Fetal ultrasound is a test done during pregnancy that uses reflected sound waves. It produces a picture of the baby (fetus), the organ that supports the fetus (placenta), and the liquid that surrounds the fetus (amniotic fluid). The picture is displayed on a TV screen. It may be in black and white or in color. The pictures are also called a sonogram, an echogram, or a scan. They may be saved as part of your baby's record.
Fetal ultrasound can be done two ways. In a transabdominal ultrasound, a small handheld device called a transducer is moved over your belly. In a transvaginal ultrasound, a transducer is put into your vagina.
Fetal ultrasound is the safest way to check for problems and get details about your fetus. It can find things such as the size and position of the fetus. It does not use X-rays or other types of radiation that may harm your fetus. It can be done as early as the 5th week of pregnancy. Sometimes the sex of your fetus can be seen by about the 18th week of pregnancy.
Ultrasound is one of the screening tests that may be done in the first trimester to look for birth defects, such as Down syndrome. The first-trimester screening test uses ultrasound to measure the thickness of the skin at the back of the baby's neck. This screening also includes blood tests that measure the levels of two substances that may be related to birth defects.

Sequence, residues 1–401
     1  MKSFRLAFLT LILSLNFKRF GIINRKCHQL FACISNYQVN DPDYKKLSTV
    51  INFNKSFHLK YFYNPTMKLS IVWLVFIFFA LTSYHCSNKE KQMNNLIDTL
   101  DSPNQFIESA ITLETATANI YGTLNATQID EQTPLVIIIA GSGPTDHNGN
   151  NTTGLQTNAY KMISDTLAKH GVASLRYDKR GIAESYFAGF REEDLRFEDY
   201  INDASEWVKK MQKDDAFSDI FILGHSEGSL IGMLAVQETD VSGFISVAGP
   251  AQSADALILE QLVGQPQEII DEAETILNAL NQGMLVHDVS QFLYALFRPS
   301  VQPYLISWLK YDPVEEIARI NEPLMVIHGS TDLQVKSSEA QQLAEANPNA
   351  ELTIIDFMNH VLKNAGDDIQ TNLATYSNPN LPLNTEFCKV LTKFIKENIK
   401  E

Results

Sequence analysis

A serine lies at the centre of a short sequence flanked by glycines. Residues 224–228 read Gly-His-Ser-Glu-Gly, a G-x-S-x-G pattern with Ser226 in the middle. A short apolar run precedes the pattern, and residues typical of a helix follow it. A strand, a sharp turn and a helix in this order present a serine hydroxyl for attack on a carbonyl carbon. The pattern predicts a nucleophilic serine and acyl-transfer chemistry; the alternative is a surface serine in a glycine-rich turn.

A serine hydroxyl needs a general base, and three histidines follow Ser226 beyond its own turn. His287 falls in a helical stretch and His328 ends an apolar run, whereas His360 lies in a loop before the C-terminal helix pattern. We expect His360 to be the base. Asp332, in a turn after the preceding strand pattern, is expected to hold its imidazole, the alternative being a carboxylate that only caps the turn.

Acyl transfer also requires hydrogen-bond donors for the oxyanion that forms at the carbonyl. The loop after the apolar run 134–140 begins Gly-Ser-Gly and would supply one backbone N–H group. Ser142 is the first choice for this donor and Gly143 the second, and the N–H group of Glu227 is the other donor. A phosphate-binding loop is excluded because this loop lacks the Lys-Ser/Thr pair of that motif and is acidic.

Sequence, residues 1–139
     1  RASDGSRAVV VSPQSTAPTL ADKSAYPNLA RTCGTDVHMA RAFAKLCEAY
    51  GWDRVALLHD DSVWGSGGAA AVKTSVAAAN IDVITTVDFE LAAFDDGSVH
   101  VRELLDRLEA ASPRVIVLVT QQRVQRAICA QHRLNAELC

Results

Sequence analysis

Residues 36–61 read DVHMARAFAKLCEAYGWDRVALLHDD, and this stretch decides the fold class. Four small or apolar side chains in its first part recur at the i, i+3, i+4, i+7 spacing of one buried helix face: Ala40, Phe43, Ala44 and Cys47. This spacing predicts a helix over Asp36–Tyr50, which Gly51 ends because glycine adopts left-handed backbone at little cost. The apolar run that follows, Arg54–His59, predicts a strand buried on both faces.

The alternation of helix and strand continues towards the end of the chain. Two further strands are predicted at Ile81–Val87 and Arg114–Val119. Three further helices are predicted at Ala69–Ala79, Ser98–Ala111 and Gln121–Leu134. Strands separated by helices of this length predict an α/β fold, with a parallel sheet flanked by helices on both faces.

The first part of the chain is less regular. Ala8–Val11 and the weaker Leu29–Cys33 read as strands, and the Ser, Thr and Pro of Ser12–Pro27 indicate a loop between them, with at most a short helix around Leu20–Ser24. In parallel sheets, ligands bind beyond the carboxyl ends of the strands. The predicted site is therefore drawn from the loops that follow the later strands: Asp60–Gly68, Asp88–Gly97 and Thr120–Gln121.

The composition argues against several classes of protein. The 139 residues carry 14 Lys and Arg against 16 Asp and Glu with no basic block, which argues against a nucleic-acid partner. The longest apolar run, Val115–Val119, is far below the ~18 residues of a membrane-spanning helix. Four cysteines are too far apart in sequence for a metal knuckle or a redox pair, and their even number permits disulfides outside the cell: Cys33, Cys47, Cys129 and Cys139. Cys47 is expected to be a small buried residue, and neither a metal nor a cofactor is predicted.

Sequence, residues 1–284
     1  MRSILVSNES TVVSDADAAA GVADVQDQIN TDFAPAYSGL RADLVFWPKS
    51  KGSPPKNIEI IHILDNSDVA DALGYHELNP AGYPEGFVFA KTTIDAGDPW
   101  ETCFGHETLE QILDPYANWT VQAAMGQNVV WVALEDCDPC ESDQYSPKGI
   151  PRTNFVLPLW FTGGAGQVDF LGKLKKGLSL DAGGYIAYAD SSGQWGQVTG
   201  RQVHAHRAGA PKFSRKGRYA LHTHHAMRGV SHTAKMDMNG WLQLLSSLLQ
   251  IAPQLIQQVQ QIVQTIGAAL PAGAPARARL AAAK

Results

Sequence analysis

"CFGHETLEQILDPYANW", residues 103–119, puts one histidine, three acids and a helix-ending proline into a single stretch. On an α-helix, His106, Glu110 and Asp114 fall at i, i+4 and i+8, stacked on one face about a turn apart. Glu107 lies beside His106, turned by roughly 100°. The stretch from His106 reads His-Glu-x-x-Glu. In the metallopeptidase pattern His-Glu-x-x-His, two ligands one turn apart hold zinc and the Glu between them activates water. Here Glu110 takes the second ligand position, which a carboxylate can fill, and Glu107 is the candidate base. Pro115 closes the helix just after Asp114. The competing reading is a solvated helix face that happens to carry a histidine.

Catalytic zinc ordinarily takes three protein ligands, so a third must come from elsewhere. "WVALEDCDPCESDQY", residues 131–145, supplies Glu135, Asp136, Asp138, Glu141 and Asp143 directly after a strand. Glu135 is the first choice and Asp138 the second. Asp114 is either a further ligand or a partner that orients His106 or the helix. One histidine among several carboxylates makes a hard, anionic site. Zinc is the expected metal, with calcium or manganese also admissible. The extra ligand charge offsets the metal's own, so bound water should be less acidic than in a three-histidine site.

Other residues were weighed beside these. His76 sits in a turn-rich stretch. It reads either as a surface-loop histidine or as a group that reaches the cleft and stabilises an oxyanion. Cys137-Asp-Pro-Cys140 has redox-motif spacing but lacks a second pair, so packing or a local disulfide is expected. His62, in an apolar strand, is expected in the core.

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Why It Is Done
Fetal ultrasound is done to learn about the health of your fetus. Different details can be learned at different times during your pregnancy.
- 1st-trimester fetal ultrasound is done to:
2nd-trimester fetal ultrasound is done to:
- Estimate the age of the fetus.
- Look at the size and position of the fetus, placenta, and amniotic fluid.
- Check the position of the fetus, umbilical cord, and placenta during a procedure such as amniocentesis or umbilical cord blood sampling.
- Find major birth defects, such as a neural tube defect or heart problems.
3rd-trimester fetal ultrasound is done to:
- Make sure that a fetus is alive and moving.
- Look at the size and position of the fetus, placenta, and amniotic fluid.
Transvaginal ultrasound is most often done early in a pregnancy to check the age of the fetus. It may also be done if your doctor thinks you may have an ectopic pregnancy. It is sometimes done late in pregnancy to find the location of the placenta. And it may be done in a high-risk pregnancy to check the length of the cervix.
How To Prepare
You may need a full bladder for the test. If so, you will be asked to drink water or other liquids just before the test. You will be asked not to urinate before or during the test. In most cases, women in the third trimester do not need to have a full bladder.
For a transvaginal fetal ultrasound, the vaginal transducer is usually covered with a latex sleeve and a lubricant, such as K-Y Jelly. If you are allergic to latex, tell the health professional before you have the test.